Expressions (or parts thereof) that contain only constants, are evaluated at compile time; at least the ACE compiler does so, and it is suggested in [1, p.45] (somewhere in the middle) that this is true in general; this is usually called `constant folding'; also see [5, Sec.7.10].

Stand-Alone Applications (Software for the IOP)

Software running in the IOP can in no way fall back on UNIX!

Objects and Their Addresses

Usually the C compiler and loader determine the addresses of objects defined in a C program. Sometimes it may be desirable to force an object to have a specific address (often due to hardware restrictions). When the address itself is known in advance, this can be accomplished by a pointer and a cast. For example,

#define	s	(*(char *)0xd00401)
makes s an `lvalue' [1, p.183], which can be used as if it were an ordinary variable of type char (with &s == 0xd00401). Interpret the definition of s as follows: 0xd00401 is a constant of type integer; the cast (char *) makes it a constant of type pointer to char, that is if you put a * in front you get a char; finally we put that * in front: it makes it an lvalue referring to a char (the outer parentheses prevent priority conflicts between operators on s and those within s). When t is declared as char, the following expressions involving s are correct:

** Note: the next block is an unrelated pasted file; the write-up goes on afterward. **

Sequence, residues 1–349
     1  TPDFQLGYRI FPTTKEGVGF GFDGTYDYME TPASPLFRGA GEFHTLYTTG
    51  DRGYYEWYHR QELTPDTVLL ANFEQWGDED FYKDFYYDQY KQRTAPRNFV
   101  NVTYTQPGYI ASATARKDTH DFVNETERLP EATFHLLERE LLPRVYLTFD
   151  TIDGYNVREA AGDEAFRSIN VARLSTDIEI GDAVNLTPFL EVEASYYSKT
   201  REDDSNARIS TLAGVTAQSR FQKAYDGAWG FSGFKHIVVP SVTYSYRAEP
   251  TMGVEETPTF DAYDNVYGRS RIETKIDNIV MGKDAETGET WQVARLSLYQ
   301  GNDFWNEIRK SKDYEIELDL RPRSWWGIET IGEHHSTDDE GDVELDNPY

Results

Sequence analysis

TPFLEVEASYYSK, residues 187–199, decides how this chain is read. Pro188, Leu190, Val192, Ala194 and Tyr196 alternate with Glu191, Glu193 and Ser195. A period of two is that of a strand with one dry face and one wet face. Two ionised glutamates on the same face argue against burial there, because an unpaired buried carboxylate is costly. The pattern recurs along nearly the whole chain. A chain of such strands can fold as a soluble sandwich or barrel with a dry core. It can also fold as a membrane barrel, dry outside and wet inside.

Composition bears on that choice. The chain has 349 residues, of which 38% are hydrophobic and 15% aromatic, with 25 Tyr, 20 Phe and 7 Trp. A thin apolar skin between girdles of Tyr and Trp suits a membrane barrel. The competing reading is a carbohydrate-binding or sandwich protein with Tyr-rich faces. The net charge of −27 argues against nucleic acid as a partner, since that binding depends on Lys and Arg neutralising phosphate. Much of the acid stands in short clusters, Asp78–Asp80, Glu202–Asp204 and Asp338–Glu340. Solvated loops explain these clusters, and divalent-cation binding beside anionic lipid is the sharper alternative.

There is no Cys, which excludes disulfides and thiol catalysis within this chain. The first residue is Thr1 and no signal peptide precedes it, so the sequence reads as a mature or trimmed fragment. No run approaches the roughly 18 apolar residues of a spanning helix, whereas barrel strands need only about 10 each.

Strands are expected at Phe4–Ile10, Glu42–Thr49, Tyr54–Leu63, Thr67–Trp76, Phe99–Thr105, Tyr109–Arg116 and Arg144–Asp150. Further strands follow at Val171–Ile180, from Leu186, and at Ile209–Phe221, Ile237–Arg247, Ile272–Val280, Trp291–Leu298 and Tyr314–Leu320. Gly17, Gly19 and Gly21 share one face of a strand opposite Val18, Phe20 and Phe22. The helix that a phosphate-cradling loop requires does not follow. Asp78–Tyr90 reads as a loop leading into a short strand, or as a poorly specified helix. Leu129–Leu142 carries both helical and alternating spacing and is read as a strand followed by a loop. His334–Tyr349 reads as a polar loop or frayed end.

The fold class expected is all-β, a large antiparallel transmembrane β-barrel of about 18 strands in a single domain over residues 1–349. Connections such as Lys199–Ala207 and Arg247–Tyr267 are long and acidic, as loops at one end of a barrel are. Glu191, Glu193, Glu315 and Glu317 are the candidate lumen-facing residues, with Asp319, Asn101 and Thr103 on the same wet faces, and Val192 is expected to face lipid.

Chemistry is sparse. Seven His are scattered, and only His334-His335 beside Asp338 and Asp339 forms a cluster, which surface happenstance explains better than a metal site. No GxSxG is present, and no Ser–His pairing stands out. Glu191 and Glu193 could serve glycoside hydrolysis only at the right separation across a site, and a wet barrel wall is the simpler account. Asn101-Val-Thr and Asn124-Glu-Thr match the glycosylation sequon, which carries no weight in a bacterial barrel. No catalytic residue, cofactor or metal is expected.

s = 'a'; s == t; t = s; ++s; f(&s). 

For arrays with a specific (compiler/loader independent) address, the above works, that is

#define a1  (*(char (*)[10])0xd00400)
is similar to `char a1[10];', notice the parentheses around the asterisk, `char *[10]' is an array of 10 pointers to characters! But simpler may be:
#define	a2	((char *)0xd00400)
The expression a2[i] works as usual, etc. (NOTE: sizeof(a1) == 10, but sizeof(a2) == size of pointer (==4 for us)).

The general recipe for an object normally declared as `TS D( id );', but forced at address ad, is:

#define	id	(*(TS D( (*) ))(ad))
That is, the type-specifier TS is copied literally, the identifier id in the declarator D is replaced by (*), a parenthesized asterisk. N.B. When the address ad is an expression, it is best to put parentheses around it (as we have done), because the preceding cast has a high priority! [1, p.49]

This recipe can also be used for functions:

#define	f	(*(int (*)())0xd01000)
makes f a function returning an integer, its address is 0xd01000; invocation is as always f(...). Also see [1, pp. 185, 209, 211].

To get the address of a such a forced object, simply place & in front of the identifier; this annihilates the * in its definition, leaving the address (cast to the appropriate type). But for arrays and functions simply use the identifier without subscript [] or parameter list ().